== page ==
Expanded Indications for Fertility-preserving Surgery for Early Cervical Cancer
The National Comprehensive Cancer Network (NCCN) has recommended fertility-preserving surgery to include more women with cervical cancer.
The cervix is located at the bottom part of the uterus. It is typically in a closed position, but opens during labor to allow the baby to pass through the uterus into the vaginal canal.
Rates of cervical cancer, particularly advanced cervical cancer, are low in industrialized nations; these low rates are attributed to Pap smear screening and early intervention when pre-cancerous cells are found. However, cervical cancer is one of the most common causes of cancer-related deaths for women in underdeveloped countries-a statistic explained by a lack of accessible screening in such regions.
Standard treatment for cervical cancer is determined by the extent of spread of the cancer, but most approaches include the surgical removal of the cancer. If too much of the cervix is removed during such a procedure, a woman cannot have a normal pregnancy because a closed cervix would keep the fetus inside the uterus.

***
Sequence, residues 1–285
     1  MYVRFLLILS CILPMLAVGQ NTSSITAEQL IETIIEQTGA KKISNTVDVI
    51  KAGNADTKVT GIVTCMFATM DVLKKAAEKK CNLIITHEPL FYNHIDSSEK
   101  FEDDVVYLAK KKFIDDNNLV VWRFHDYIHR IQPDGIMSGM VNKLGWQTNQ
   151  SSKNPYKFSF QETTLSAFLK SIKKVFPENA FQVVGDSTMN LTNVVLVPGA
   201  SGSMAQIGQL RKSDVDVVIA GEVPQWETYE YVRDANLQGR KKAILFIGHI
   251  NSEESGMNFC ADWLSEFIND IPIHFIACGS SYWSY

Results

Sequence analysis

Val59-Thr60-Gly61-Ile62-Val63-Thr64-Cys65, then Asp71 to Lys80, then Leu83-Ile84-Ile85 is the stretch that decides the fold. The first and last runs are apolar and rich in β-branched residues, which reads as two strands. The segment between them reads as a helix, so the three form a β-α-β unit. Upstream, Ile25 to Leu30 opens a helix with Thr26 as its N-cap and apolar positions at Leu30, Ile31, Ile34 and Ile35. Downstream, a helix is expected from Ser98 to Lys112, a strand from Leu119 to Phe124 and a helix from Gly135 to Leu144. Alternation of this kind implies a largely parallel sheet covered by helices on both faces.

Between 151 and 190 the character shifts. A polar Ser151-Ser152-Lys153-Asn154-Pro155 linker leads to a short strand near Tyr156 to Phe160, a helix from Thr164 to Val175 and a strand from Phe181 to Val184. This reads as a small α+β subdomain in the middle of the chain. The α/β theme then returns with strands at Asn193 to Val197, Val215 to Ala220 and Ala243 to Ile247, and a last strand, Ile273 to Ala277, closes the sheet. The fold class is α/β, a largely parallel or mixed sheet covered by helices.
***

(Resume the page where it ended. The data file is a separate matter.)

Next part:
The NCCN consists of a panel from the nation’s most reputable cancer treatment facilities. The panel sets clinical guidelines for diagnostic procedures and treatment of cancer; these guidelines are continually refined. Just recently, the NCCN expanded the role of surgery that preserves the ability of women to carry a baby (fertility-sparing surgery) to include patients whose disease has spread through some tissue layers of the cervix (Stage Ib1). However, these patients must have cancers that are 2 centimeters or less in diameter.
The surgery would include the removal of most of the cervix, but the internal opening would be stitched closed with a stitch strong enough to support a pregnancy. The small opening would allow menstrual flow to pass. In addition, lymph nodes near the cervix are also removed and tested for cancer.
Patients diagnosed with early cervical cancer may wish to discuss their eligibility, as well as individual risks and benefits, of fertility-sparing surgery.
Reference: National Comprehensive Cancer Network. Practice Guidelines in Oncology – Cervical Cancer. Available here. Accessed August 2007.